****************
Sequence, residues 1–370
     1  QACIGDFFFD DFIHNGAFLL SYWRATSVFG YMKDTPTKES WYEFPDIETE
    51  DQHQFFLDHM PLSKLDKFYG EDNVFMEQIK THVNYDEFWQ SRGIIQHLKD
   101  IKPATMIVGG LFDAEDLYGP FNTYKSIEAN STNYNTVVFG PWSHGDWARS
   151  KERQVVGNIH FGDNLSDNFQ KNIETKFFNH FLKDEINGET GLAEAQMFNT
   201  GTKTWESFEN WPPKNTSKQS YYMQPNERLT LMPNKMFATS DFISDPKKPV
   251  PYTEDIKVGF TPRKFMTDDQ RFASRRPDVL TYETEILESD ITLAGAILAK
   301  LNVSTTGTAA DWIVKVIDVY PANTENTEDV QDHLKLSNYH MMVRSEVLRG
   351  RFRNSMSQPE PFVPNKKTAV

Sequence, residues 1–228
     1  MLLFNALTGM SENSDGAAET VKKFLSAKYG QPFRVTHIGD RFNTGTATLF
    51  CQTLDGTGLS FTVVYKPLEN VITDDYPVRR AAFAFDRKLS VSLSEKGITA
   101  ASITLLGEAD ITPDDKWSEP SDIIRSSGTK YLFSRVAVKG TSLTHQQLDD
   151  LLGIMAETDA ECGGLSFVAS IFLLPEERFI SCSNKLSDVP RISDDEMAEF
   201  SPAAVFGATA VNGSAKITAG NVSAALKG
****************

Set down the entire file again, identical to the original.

Sequence, residues 1–370
     1  QACIGDFFFD DFIHNGAFLL SYWRATSVFG YMKDTPTKES WYEFPDIETE
    51  DQHQFFLDHM PLSKLDKFYG EDNVFMEQIK THVNYDEFWQ SRGIIQHLKD
   101  IKPATMIVGG LFDAEDLYGP FNTYKSIEAN STNYNTVVFG PWSHGDWARS
   151  KERQVVGNIH FGDNLSDNFQ KNIETKFFNH FLKDEINGET GLAEAQMFNT
   201  GTKTWESFEN WPPKNTSKQS YYMQPNERLT LMPNKMFATS DFISDPKKPV
   251  PYTEDIKVGF TPRKFMTDDQ RFASRRPDVL TYETEILESD ITLAGAILAK
   301  LNVSTTGTAA DWIVKVIDVY PANTENTEDV QDHLKLSNYH MMVRSEVLRG
   351  RFRNSMSQPE PFVPNKKTAV

Sequence, residues 1–228
     1  MLLFNALTGM SENSDGAAET VKKFLSAKYG QPFRVTHIGD RFNTGTATLF
    51  CQTLDGTGLS FTVVYKPLEN VITDDYPVRR AAFAFDRKLS VSLSEKGITA
   101  ASITLLGEAD ITPDDKWSEP SDIIRSSGTK YLFSRVAVKG TSLTHQQLDD
   151  LLGIMAETDA ECGGLSFVAS IFLLPEERFI SCSNKLSDVP RISDDEMAEF
   201  SPAAVFGATA VNGSAKITAG NVSAALKG